Friday, November 13, 2009

Dialogue on Religion and Business

I have just participated in a discussion on the subject, as part of the agenda at one of the more important business fora in the world. At the session, moderated by the Chairman of Lazard International, Ken Costa, there were representatives of Protestant, Roman, Muslim, Buddhist, and Jain traditions (not all apeaking only on their own behalf).

While the others said nice things, the most useful contributions for the business audience came from the Buddhist, Robert Thurman, who pointed out that leaders "are always in danger of being misled about the real situation in their firms by their own subordinates" and by the Protestant, Rick Warren, who argued persuasively that we need to think not only of the "two-legged stool" of Public-Private Partnerships but rather of the "three-legged stool" of Public, Private and Faith-based partnerships: the power of faith-based institutions to contribute to the elimination or amelioration of social evils is hugely underestimated or ignored.

He also spoke stirringly of the Five Global Goliaths in today's world: Conflict (spiritual, perpersonal, inter-generational...), Corruption or unethical leadership, Extreme Poverty, Pandemics and Illiteracy.

Altogether, the speakers offered a paean of praise for religion that seemed to me perhaps justified in view of the brief time dedicated to the subject. However, it did seem to me open to the charge of being unduly uncritical of religion.

Religion has, and continues to be, itself a source of corruption in most parts of the world, it continues to justify and participate in economic and social exploitation, and it is too closely allied to and often itself becomes a base for power. At least that is my viewpoint as a disciple of someone who was so anti-religious that the religious-political establishment decided that the best way to deal with his criticisms was to eliminate him. The establishment, having found this to be an ineffective strategy, then proceeded to try and co-opt his followers into the power structures - a challenge with which his followers still struggle.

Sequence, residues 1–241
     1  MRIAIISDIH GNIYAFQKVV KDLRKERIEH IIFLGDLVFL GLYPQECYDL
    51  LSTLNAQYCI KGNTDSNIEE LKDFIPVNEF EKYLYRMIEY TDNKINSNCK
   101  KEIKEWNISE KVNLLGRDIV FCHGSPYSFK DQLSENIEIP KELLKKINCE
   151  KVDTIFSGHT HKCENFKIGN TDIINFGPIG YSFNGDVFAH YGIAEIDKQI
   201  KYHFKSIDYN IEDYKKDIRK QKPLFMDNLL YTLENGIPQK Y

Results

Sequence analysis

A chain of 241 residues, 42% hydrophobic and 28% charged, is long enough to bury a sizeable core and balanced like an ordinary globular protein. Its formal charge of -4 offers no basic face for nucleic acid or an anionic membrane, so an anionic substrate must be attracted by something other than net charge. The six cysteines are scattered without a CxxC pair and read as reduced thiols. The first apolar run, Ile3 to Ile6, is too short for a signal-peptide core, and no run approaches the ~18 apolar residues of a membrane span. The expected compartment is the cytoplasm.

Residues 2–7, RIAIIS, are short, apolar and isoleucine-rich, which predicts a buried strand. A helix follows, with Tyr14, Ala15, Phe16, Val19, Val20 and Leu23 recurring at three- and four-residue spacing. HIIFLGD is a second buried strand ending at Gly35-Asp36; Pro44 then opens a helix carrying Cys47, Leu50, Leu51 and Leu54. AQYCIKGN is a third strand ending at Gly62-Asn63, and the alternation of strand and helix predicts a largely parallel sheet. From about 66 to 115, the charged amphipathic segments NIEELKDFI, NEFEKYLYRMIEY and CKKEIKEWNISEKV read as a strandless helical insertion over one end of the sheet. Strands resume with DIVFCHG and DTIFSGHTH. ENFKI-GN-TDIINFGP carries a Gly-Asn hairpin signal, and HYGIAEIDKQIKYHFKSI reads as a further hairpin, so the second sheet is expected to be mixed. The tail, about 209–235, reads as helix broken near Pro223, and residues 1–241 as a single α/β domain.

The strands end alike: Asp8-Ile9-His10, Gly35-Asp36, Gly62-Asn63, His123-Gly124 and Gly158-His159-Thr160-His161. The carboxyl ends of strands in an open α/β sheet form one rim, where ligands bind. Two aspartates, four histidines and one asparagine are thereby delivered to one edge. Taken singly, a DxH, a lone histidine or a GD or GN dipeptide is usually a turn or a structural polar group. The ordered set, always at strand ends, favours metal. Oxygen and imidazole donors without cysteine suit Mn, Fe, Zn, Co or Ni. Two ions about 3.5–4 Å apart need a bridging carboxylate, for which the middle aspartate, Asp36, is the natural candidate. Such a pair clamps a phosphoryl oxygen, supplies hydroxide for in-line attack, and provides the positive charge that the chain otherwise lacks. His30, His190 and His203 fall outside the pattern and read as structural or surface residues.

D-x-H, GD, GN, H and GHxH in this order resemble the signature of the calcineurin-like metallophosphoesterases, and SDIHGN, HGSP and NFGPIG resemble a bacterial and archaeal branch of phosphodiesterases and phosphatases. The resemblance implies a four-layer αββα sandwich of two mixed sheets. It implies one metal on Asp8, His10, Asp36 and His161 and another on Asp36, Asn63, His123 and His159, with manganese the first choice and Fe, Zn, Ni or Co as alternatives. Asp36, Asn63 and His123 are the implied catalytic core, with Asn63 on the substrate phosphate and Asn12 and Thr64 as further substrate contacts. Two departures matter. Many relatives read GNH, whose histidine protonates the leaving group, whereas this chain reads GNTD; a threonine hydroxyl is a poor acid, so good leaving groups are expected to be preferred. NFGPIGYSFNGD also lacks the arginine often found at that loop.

Anyway, from my point of view, the discussion would have been much more useful if there had been, on the part of the religious leaders on the podium, a little less self-congratulation, and a little more engagement with the ethical mess in which business is today. The topics slated for discussion were: "Has global business lost its moral context? If so, has this loss contributed to the global downturn? Can belief systems help us generate the co-operation that is needed to renew growth?" - excellent topics that were wholly ignored by the speakers, who went on far beyond their allotted time (as is, I think cynically, surely an occupational hazard for them), leaving then little time even for the participants to pick up the slack. Sphere: Related Content

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